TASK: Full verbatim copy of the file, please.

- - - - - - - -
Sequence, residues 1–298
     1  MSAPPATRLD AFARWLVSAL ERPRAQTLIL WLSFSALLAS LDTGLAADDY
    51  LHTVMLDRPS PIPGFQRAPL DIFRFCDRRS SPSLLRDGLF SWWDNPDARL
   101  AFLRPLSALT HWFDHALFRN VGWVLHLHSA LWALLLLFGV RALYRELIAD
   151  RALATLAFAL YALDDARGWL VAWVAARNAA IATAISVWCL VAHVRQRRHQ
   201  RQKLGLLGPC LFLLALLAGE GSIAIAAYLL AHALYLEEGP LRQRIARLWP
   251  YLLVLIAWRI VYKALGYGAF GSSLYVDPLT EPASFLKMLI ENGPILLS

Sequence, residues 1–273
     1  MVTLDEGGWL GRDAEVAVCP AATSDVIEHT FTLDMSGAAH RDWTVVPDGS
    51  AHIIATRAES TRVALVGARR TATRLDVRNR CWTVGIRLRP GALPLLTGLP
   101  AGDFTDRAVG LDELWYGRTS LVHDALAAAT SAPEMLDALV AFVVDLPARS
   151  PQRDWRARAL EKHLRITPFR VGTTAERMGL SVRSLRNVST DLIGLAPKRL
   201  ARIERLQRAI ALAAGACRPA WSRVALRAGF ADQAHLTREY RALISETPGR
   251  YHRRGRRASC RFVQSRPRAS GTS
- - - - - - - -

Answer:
Sequence, residues 1–298
     1  MSAPPATRLD AFARWLVSAL ERPRAQTLIL WLSFSALLAS LDTGLAADDY
    51  LHTVMLDRPS PIPGFQRAPL DIFRFCDRRS SPSLLRDGLF SWWDNPDARL
   101  AFLRPLSALT HWFDHALFRN VGWVLHLHSA LWALLLLFGV RALYRELIAD
   151  RALATLAFAL YALDDARGWL VAWVAARNAA IATAISVWCL VAHVRQRRHQ
   201  RQKLGLLGPC LFLLALLAGE GSIAIAAYLL AHALYLEEGP LRQRIARLWP
   251  YLLVLIAWRI VYKALGYGAF GSSLYVDPLT EPASFLKMLI ENGPILLS

Sequence, residues 1–273
     1  MVTLDEGGWL GRDAEVAVCP AATSDVIEHT FTLDMSGAAH RDWTVVPDGS
    51  AHIIATRAES TRVALVGARR TATRLDVRNR CWTVGIRLRP GALPLLTGLP
   101  AGDFTDRAVG LDELWYGRTS LVHDALAAAT SAPEMLDALV AFVVDLPARS
   151  PQRDWRARAL EKHLRITPFR VGTTAERMGL SVRSLRNVST DLIGLAPKRL
   201  ARIERLQRAI ALAAGACRPA WSRVALRAGF ADQAHLTREY RALISETPGR
   251  YHRRGRRASC RFVQSRPRAS GTS